You may have also noticed that as the HSU saga has come under more scrutiny, once again there are Liberal fingerprints starting to show up, particularly with the so called “whistle-blower”, Kathy Jackson, and her partner Michael Lawler, vice president of Fair Work Australia — and Tony Abbott appointee.
Jackson seems to have found a great deal of new Liberal party buddies lately, which some would say is odd given that she is a trade union leader. Now she makes speeches at the anti-union HR Nicholls Society and receives hundreds of thousands of dollars worth of free legal support from Liberal Party connected lawyers.
Fancy Abbott gambling his credibility on a union leader like Kathy Jackson. Seems a bit crazy and reckless to me. Still, at least we know the type of woman that Abbott respects at last — until this, I thought he had no respect for them at all.
Some would say Tony Abbott’s willingness to take wild risks explains some of his decisions as the Health Minister under John Howard. Some of these risks would include the public berating of national hero and campaigner for those suffering the effects of asbestosis , Bernie Banton, shortly before his death from asbestos poisoning. Abbott was forced into a public apology eventually.
Then there was his failure to show up until the end of a debate he was supposed to be having with Nicola Roxon during the 2007 election campaign. And of course his decision as Health Minister to ban the abortion pill RU486, thus ensuring invasive medical procedures for victims of rape, and women placed in the awful position of making this choice. Abbott’s choice to make this process as punishing, as mentally devastating, and as humiliating as possible for women, had nothing at all to do with his friends in the Catholic Church I’m sure, however unlike most western countries, RU486 remained banned in Australia; I guess Abbott thought he could gamble with the female vote.
Speaking of his Catholic pals, record numbers of victims of paedophile abuse are emerging, causing public outrage. Tony would like to ensure the Catholic Church is not targeted in any parliamentary enquiry he says.
Why? They have the greatest number of complaints against them. Not focusing on Catholics would be like giving the Nazi’s an exemption from War Crimes investigations, a totally offensive notion. Once again Tony is gambling that we will understand him putting his religion ahead of the protection of our children from rape and sexual abuse.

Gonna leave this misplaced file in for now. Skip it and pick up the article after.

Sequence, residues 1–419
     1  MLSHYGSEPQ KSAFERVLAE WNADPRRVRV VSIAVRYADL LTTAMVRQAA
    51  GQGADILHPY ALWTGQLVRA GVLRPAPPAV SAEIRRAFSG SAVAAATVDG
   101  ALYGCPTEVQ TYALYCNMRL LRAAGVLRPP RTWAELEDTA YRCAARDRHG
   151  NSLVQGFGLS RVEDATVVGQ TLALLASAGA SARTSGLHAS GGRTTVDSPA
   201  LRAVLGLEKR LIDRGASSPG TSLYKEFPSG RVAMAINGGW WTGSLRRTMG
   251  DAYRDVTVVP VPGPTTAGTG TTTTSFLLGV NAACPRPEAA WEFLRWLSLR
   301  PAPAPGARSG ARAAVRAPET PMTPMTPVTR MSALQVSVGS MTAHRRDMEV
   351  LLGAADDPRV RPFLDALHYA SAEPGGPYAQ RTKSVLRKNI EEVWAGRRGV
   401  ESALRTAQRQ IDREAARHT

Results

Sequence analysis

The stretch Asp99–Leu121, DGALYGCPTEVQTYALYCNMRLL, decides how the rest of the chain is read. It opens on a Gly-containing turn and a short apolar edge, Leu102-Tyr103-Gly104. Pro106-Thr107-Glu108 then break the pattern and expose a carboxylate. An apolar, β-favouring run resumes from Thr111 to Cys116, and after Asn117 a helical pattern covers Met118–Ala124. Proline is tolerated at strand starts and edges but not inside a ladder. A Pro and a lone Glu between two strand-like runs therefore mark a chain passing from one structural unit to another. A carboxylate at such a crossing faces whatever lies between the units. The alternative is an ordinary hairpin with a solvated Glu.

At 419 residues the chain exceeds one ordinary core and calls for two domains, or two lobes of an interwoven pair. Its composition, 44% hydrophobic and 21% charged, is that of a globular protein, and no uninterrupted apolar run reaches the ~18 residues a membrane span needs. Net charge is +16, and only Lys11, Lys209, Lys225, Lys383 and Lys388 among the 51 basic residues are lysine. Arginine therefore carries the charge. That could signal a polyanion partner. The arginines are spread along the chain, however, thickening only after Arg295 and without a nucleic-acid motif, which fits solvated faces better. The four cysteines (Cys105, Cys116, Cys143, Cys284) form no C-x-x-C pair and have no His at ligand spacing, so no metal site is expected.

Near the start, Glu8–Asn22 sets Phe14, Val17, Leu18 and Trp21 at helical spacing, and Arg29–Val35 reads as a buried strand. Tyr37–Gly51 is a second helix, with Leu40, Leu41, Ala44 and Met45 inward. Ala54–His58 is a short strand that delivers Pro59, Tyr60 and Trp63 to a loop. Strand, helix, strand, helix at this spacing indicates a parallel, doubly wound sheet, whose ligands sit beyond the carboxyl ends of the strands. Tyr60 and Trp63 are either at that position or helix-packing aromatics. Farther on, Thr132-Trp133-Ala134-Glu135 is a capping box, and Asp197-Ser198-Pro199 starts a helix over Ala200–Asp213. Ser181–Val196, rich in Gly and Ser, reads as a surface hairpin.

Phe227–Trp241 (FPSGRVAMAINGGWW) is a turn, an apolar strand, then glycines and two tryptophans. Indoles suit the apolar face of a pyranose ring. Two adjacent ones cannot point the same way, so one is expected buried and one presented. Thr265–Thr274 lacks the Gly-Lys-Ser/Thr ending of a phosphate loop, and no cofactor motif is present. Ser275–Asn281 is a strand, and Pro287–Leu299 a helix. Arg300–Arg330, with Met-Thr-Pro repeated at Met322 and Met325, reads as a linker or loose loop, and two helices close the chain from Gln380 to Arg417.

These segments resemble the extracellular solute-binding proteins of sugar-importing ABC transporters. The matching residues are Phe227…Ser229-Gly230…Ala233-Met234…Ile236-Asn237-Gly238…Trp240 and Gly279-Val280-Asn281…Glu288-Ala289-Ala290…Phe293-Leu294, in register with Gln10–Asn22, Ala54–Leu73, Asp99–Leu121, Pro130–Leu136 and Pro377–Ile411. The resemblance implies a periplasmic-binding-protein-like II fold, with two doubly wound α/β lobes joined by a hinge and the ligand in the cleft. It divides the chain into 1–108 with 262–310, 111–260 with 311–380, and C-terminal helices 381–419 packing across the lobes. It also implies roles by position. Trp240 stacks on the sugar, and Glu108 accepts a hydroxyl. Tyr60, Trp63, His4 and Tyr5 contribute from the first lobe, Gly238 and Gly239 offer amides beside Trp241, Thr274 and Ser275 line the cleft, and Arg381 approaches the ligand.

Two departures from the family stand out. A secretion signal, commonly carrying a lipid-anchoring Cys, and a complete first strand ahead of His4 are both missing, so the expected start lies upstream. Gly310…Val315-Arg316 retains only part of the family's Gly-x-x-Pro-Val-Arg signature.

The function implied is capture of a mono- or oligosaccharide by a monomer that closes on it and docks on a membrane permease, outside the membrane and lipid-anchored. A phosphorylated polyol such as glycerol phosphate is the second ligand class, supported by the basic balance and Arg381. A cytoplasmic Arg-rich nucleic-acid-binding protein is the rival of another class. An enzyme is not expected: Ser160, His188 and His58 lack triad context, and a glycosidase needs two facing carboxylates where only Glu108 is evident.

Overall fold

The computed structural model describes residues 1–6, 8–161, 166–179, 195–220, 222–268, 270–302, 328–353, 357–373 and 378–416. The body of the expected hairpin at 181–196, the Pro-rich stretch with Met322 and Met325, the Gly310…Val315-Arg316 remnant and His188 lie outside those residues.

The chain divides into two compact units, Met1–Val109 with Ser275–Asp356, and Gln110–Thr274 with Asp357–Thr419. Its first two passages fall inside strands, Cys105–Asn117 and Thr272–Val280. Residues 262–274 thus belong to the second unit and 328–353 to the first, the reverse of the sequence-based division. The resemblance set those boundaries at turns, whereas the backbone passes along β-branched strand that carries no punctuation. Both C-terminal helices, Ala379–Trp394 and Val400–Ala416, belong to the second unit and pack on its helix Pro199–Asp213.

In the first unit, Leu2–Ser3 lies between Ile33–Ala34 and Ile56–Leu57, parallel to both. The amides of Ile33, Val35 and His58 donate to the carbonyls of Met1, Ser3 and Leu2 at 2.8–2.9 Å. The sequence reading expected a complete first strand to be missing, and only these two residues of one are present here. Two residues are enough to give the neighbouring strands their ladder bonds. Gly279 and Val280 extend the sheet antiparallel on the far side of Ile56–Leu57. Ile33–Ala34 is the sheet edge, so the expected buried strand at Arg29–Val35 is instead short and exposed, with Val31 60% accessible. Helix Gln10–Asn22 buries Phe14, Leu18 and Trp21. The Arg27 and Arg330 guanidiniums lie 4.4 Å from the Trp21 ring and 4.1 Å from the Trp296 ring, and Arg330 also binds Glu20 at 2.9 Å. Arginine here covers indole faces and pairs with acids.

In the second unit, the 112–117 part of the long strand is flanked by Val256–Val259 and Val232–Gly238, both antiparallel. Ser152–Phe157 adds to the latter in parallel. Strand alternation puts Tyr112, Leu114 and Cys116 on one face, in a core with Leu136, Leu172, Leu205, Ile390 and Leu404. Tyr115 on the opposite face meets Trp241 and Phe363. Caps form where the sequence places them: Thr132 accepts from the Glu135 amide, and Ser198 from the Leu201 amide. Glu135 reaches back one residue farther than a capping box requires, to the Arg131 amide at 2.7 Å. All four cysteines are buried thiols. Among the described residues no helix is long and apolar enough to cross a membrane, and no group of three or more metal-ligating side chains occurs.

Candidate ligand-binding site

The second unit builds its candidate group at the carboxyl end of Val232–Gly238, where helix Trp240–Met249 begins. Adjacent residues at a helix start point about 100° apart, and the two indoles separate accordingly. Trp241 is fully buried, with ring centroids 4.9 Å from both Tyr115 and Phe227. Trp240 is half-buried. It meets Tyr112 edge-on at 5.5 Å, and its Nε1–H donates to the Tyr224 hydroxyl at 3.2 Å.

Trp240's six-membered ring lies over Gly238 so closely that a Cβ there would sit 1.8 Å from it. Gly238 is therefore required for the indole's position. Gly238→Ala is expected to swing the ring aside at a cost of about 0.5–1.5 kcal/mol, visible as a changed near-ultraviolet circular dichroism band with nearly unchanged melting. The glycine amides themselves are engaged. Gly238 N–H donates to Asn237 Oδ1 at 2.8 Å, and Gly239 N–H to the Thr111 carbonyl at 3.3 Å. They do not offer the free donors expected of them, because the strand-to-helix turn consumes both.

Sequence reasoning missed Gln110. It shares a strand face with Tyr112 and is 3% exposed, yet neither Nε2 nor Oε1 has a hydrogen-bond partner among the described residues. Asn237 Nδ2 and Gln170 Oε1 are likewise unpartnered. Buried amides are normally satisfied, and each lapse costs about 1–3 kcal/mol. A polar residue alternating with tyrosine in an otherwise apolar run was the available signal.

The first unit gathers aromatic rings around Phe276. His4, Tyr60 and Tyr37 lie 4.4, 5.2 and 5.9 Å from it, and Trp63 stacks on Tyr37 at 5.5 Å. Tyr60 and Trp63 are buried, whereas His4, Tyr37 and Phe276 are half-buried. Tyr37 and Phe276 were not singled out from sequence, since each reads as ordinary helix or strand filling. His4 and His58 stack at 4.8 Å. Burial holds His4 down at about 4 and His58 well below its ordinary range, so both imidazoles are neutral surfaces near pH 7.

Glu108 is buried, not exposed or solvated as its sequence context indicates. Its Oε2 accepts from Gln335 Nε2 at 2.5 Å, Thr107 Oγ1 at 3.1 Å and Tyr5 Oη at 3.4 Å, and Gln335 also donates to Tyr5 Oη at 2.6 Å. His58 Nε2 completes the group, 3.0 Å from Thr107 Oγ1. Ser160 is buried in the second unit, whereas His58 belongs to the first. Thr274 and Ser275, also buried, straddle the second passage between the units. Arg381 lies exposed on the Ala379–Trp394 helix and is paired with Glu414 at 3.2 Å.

Tony Abbott has also risked his own political career to destroy another’s. When it looked like One Nation may make an impact on the political landscape, Abbott decided that Australian’s could not be trusted with democracy — he knew better. To say that Abbott used every vile tactic at his disposal, and invented a few more to boot, would be an understatement. Abbott went after Pauline Hanson like a rabid Rottweiler going after a stray cat. So little respect did Abbott have for democracy, that he would not rest until Pauline ended up in jail under false circumstances. Interestingly also, Hanson was a former John Howard staffer. I’m glad none of my friends or colleagues are from the Liberal Party; I’d be watching my back if they were.
Abbotts own words on the matter are nothing short of pure arrogance.
“Obviously in hindsight I shouldn’t have done it. But if I had my time again and it was necessary to make an alliance with some pretty unusual people to stop a very serious threat to the social cohesion of the country, well, I would do it. I mean, how else were we going to stop One Nation at the time?”
How about letting the people make that decision Tony, it’s called a democracy — you may want to Google it.
Looking at the current debate on Climate Change, Abbott has chosen to gamble on our economy, and our children’s future. Tony Abbott clearly thinks that his arrogance, his persistence, and his clear belief in the public’s stupidity, will carry him through.
Nobody likes a new tax, that is clearly true, and the Labor Party is totally to blame for allowing the Carbon Price to be called a “Carbon Tax”. They are made to look even more foolish when Christine Milne of the Greens is about the only one who doesn’t refer to it as a tax, fair play to her.